Maryland ranks dead last among states in quick commutes

Relatively few here can get to work in 15 minutes or less

  • Traffic is at a at complete standstill on the beltway.
Traffic is at a at complete standstill on the beltway. (DAVID HOBBY, Baltimore…)
December 17, 2010|By Michael Dresser, The Baltimore Sun

Enrique Villa can walk from his condominium on Water Street to his job at St. Paul and Baltimore streets in about five minutes. In Maryland, that's rare.

Villa and his wife, Kathryn, a physician whose commute by subway to Johns Hopkins Hospital is nearly as short, say they can't stand spending their spare time in the car. Villa, a 34-year-old architect, used to spend an hour getting to work, but cut it short by moving closer to the office.

"We saw our standard of living, just from a personal psychological perspective, improve dramatically," he said. "As soon as we reduced the commute, the improvement was radical."

The Villas' story is hardly typical of Maryland, which helps explain why the state has some of the worst commutes in the country. Maryland has the second-longest average commute in the United States, and ranks dead last in its percentage of workers who enjoy easy commuting times.

According to the 2005-2009 U.S. Census American Community Survey, fewer than 19 percent of Marylanders who work outside their homes can get from home to work in less than 15 minutes. That compares with a national average for short commutes of 29 percent.

At the same time, the state ranks behind only New York when it comes to the percentage of people who need more than an hour to get to work. At 14 percent, Maryland more than doubles the national average.

Why does it take so long for Marylanders to get to work? Several factors seem to be at play, including traffic congestion, a relatively small employment base in the state's rural counties, the lure of higher salaries at a distance from modestly priced homes, a range of transportation choices and the willingness of Marylanders to look outside the borders of their state for work.

Larry L. Willis of Port Deposit, literally wrote the book on marathon commuting in a volume called "The Perryville Commuter." In it he chronicles his daily trek to Ballston in Northern Virginia via car, MARC train, Metro subway and shuttle bus.

It's a journey that takes him 31/2 hours each way, but the retired Air Force officer insists it's worth it to live in his "nice and quiet and peaceful" dream home and draw a comfortable federal salary.

"I don't have one regret. Not one," said Willis, 49, who has been spending seven hours a day going to and from work — leaving home at 4:10 a.m. and returning at 6:30 p.m. when MARC is on time — since 2006.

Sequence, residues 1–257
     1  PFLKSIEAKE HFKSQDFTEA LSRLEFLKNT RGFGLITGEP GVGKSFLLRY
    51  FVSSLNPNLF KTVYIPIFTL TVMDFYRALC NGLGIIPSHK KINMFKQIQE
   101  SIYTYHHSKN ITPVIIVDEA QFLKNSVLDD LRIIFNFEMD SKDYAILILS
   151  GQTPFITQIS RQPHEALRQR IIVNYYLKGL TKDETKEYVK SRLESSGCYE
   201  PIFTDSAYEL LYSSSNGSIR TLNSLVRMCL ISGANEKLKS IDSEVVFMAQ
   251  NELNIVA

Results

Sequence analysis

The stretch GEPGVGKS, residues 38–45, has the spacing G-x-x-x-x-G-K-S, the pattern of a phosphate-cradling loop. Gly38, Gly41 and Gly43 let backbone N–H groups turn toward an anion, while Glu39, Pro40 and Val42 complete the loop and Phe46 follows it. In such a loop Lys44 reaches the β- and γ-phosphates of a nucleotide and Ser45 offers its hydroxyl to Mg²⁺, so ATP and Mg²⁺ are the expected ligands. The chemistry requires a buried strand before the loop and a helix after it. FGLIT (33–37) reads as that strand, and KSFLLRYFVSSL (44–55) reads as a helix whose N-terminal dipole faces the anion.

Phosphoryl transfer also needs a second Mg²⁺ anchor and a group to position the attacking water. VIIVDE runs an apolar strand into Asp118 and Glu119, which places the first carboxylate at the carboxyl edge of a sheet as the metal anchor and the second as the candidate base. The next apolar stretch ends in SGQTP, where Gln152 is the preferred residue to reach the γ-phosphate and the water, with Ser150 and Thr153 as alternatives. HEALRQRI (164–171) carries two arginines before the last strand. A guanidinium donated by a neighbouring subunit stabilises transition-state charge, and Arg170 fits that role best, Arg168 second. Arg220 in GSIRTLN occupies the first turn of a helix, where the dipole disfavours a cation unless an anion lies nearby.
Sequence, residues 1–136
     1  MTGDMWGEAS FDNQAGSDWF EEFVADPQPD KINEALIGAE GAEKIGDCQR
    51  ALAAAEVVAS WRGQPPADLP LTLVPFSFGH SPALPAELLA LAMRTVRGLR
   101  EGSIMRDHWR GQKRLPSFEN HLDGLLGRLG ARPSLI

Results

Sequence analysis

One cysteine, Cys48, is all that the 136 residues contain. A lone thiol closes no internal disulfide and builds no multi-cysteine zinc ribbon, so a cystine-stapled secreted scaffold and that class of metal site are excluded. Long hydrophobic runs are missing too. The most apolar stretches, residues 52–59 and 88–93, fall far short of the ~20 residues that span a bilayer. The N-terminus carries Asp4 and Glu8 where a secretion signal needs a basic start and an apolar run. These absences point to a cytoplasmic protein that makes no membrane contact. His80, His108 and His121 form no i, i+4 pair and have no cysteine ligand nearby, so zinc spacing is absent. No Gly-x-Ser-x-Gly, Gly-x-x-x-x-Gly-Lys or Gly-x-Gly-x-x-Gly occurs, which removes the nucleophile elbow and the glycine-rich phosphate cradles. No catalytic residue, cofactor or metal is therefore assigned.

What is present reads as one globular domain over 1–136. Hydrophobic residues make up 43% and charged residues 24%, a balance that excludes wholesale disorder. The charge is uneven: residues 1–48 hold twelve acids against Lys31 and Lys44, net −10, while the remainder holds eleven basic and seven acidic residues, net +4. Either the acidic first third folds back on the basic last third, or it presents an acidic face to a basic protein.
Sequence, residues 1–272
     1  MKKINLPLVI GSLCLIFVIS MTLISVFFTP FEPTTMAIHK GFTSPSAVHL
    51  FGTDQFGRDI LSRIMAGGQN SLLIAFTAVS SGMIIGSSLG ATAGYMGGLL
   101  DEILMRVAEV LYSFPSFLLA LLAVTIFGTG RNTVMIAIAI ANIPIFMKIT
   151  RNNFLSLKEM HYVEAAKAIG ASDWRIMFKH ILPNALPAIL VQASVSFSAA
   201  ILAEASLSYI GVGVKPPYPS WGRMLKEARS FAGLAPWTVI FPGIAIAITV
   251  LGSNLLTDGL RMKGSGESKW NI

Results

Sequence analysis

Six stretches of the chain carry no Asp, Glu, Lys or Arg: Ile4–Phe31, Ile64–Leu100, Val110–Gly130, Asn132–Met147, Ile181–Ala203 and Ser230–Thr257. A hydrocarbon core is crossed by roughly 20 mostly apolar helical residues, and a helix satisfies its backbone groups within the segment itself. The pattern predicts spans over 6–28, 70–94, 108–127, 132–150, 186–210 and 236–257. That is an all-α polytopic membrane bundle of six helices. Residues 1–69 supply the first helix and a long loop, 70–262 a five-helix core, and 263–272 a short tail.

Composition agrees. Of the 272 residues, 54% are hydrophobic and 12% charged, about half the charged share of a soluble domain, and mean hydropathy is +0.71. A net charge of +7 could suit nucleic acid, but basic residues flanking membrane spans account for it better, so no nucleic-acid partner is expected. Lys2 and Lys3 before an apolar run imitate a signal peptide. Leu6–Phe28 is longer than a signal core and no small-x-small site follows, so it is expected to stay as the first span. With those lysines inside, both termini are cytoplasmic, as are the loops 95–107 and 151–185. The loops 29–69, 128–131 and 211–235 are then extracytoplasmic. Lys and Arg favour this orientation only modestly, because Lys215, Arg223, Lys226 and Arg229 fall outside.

"You've got to remember you're doing things for your family," he said.

Census figures show 17 percent of Marylanders draw their paychecks from an out-of-state workplace — more than any other state. Only the District of Columbia, more a city than a state, has a higher percentage.

Lengthy commutes are especially prevalent in the Washington area, especially the burgeoning outer suburbs. Charles County residents have the most protracted commutes in Maryland at an average 40.5 minutes. Calvert County, its Southern Maryland neighbor, is just behind at 39.3 minutes.

Baltimore-area commuting times are slightly more moderate, ranging from 27.8 minutes in Baltimore County to 34 minutes in Carroll County. The lowest average of 21.4 minutes is in Allegany County — where one of the largest employers is the state prison system, with several facilities just outside Cumberland.

The statewide numbers illustrate just how different Maryland is from other parts of the country. For instance, the state with the population closest to that of Maryland is Wisconsin. There in the heartland, almost a million Wisconsin residents can leave home and arrive at work in fewer than 15 minutes. In Maryland, slightly more than half a million can do so.

The numbers at the extremes help explain why Maryland's 31-minute average commute is second-highest in the country. Even New York has a higher percentage of residents — 23 — with commutes of 15 minutes or fewer.

Those Marylanders who do enjoy brief commutes appear to be a contented group — especially those who have seen life from the other side.

Malcolm Johnson of Columbia used to commute from Ellicott City to a job in Northwest Washington, a trip that would take him 11/2 to 2 hours each way. He improved that by moving to Silver Spring, where he cut his commuting time to an hour each way.

Now Johnson, 25, has a new job with a media company in Columbia and lives 1.3 miles away from his workplace. On good days, when he hits the green lights, he's one of the estimated 57,000 Marylanders with a commute of five minutes or less.

"It's great. I come home, I have lunch, watch TV for 30 minutes and go back to work," said Johnson, who now fills the tank of his Jeep once every two weeks. "It's almost like hitting the lottery."

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